Person3: He wanted Jesus to make it possible that he could come, because he was afraid.

Dan: He was afraid, but he felt what? If Jesus commands …

Person3: … it would happen, because he’s seen it.

Dan: All right.

Someone: He just thought, he’s been seeing it.

Person6: He wanted to make sure it was going to work. [Laughter]

Dan: If it didn’t work, whose fault was it going to be?

Several: Jesus’.

Dan: Can we ever do that?

Person7: Yes.

Dan: Oh, God, you have left me down. I asked you for this and I prayed about it. I prayed about it, and it didn’t happen. It didn’t turn out the way you wanted it. I don’t know what’s going on with you, God, but you’re not listening or something out there. Yeah, I think there was a little human tendency there to “let’s put this on God. I have nothing to do with it. If I fail, it’s God’s fault.”

“So Jesus eventually said, ‘Come.’ Then Peter got down out of the boat.” Would you have gotten down out of the boat?

Person5: Probably not.

Person3: I would hope so.

Dan: You notice that the 11 did not get down out of the boat? There was only one out of the 12 who did, but that’s what? Peter’s personality? Peter’s nature? The others were saying, “Let’s see how this thing works out. If Peter makes it, maybe we’ll walk, too, but first, let Peter go.” Peter got down out of the boat and walked on the water. How cool is that? Peter is walking on the water.

“He came towards Jesus, but when he saw the wind, he was afraid.” What happened here? He saw the wind and was afraid. He walking on water.

Person3: He took his eyes off Jesus.

Dan: Very good. Fear blinded him, and now he couldn’t see Jesus, because he’s afraid. He saw what? The wind?

Person5: He saw what was going on immediately around him and said, “This is impossible.”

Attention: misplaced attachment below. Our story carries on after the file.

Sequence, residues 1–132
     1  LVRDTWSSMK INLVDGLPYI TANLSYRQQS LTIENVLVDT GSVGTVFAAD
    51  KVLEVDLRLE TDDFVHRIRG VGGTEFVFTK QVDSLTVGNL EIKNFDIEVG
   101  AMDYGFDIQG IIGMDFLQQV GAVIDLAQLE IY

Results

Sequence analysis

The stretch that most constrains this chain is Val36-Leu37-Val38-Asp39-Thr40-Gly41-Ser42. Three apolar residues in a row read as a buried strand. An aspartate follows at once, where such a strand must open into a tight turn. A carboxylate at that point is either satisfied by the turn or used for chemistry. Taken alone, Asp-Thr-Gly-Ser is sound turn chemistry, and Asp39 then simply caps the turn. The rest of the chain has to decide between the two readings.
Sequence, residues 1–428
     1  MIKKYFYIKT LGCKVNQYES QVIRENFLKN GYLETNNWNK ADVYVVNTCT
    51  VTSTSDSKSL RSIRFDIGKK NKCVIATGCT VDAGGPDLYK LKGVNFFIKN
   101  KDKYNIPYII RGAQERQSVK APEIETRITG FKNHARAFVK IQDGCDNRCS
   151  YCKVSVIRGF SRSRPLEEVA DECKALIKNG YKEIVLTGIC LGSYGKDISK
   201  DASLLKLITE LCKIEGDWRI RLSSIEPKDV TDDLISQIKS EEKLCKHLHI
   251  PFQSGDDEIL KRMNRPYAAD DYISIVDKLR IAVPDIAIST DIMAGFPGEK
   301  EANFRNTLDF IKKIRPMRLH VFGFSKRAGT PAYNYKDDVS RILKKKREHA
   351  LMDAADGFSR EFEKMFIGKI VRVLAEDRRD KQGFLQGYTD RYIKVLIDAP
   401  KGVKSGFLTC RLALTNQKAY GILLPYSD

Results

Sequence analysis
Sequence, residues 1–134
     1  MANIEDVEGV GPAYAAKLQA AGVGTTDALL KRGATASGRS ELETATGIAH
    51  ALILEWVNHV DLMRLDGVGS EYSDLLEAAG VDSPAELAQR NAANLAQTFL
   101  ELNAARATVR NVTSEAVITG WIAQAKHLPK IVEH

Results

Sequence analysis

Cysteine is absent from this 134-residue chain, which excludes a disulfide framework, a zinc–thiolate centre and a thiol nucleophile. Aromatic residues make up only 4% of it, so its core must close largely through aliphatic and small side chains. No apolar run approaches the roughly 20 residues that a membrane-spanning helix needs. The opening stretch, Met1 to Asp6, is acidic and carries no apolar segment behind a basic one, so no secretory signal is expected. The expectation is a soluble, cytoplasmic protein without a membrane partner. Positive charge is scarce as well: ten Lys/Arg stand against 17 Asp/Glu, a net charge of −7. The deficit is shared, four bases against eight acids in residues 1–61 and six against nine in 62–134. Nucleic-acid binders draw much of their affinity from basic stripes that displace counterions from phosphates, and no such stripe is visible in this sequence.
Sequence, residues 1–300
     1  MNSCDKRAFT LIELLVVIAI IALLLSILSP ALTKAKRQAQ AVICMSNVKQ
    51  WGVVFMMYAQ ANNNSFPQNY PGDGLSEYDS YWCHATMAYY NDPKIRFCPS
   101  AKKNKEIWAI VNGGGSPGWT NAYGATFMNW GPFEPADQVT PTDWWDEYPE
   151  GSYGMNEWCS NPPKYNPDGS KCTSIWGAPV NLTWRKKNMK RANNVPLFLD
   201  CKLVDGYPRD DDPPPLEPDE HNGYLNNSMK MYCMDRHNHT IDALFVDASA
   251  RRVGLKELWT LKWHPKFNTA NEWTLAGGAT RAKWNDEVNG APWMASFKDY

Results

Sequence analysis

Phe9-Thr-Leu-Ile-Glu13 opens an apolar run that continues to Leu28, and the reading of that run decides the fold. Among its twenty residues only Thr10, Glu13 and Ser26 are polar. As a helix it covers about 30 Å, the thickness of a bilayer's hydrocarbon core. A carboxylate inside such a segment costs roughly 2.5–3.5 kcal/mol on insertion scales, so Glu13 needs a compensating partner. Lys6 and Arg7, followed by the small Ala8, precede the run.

Dan: Thankfully, we never do that. [Laughter] I think we can understand it. God, I know you’re there, but look’s going on around me? Oh, my goodness. What’s going to happen next? I am impressed that Peter walked on the water. “He saw the wind and he was afraid and beginning to sink, cried out, ‘Lord, save me.’” What do you think of his actions there? He starts to sink.

Person5: He knew who to turn to.

Dan: He knew who to turn to. Let’s give Peter a lot of credit. He realized “I’m not in control, but I have a feeling Jesus, you are. [Barb: And you love me.] I need you to save me.” Isn’t it the cry of all humanity, or should be, “Lord Jesus, save me”?

Person6: I like it that he didn’t yell to his friends. Throw him the oar over here.

Someone: Throw me a line.

Dan: You get the feeling that he was past the point of no return? There’s a gospel account of Peter swimming. We know Peter could swim. Being a fisherman, we would assume he was a pretty good fisherman having grown up on the lakes, spent his life out there fishing, but at this point, he realizes he can’t swim back to the boat. There is no alternative if Jesus doesn’t save him. He’s a goner.

“Immediately [verse 31], Jesus reached out his hand and caught him. ‘You of little faith,’ he said. ‘Why did you doubt?’ When they climbed into the boat, the wind died down. Then those who were in the boat worshiped him, saying, ‘Truly, you are the Son of God.’” What do you make of Jesus’ words to Peter, “You of little faith, why did you doubt?”